Lifestyle & Belief

Banana Sam stolen from San Francisco Zoo


Banana Sam, a squirrel monkey, was stolen from the San Francisco Zoo.


Junko Kimura

Banana Sam, a squirrel monkey, has been snatched from the San Francisco Zoo.

Not only has the zoo stepped up its security, it is offering a $5,000 reward for the return of Banana Sam, who was stolen from his exhibit either Thursday night or Friday morning, the San Francisco Chronicle reported. Zoo officials have been searching for the gold-colored monkey since its disappearance.

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A 17-year-old male squirrel monkey, Banana Sam weighs about 2 pounds and is more than a foot tall. He is the oldest of the 20 male squirrel monkeys given to the zoo last year after a local research institution closed, according to the San Francisco Chronicle. Two have died since they were donated, leaving 18, including Banana Sam.

Investigators believe someone broke into the zoo, cutting through a back perimeter gate and made two holes in the mesh surrounding the monkey exhibit before stealing the monkey, the Associated Press reported. Initially a reward of $1,000 was offered but it has increased to $5,000 since a private donor kicked in some extra dollars, CBS News reported.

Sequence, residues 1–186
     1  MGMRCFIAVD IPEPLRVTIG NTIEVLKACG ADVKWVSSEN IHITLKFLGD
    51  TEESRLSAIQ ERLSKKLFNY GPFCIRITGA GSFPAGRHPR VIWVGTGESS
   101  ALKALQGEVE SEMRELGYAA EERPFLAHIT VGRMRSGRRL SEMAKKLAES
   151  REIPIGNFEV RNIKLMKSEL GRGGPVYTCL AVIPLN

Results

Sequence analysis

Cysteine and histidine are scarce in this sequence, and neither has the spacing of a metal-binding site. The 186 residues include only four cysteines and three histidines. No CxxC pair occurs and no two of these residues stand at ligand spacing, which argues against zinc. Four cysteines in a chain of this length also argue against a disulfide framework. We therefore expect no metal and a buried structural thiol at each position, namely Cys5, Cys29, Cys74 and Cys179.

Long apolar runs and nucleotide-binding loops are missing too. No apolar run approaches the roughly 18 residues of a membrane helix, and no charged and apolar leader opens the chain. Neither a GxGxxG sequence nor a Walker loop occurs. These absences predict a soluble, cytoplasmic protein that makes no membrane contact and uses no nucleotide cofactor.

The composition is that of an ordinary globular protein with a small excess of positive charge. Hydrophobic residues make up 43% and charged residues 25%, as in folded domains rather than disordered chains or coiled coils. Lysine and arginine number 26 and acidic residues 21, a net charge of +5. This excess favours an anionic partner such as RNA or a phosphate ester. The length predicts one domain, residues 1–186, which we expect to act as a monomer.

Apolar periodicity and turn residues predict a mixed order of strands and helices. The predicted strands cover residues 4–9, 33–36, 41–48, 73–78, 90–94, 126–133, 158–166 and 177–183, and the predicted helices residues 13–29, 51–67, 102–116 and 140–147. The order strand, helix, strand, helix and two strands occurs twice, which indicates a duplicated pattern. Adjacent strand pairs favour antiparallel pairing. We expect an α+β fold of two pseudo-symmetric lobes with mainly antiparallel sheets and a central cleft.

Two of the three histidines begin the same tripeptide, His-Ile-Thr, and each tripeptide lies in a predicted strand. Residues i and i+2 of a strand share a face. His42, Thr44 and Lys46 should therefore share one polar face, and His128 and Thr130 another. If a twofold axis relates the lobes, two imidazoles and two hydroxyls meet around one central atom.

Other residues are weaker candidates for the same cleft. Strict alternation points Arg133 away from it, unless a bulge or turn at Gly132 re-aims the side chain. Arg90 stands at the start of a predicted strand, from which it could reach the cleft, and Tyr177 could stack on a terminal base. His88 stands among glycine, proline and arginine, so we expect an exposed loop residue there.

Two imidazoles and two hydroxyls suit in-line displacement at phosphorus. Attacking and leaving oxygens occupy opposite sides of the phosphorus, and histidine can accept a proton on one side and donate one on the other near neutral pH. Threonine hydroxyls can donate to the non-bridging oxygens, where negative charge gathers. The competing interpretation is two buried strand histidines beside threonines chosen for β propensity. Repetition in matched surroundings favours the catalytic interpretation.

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Two security guards were keeping watch of the 100 acre zoo on Thursday night when it is believed the break-in occurred. Since then security has doubled, the San Francisco Chronicle reported.

Zoo officials are concerned for numerous reasons. Since Banana Sam is older, he requires special care and a special diet to survive. Also, squirrel monkeys have sharp teeth and will bite if provoked, CBS News reported. Squirrel monkeys like Banana Sam are not endangered and are often seen in pet markets and medical research. It is illegal to own a monkey as a pet in California.

When news spread that Banana Sam was kidnapped, a fake Twitter account for the monkey was set up, the San Jose Mercury reported.

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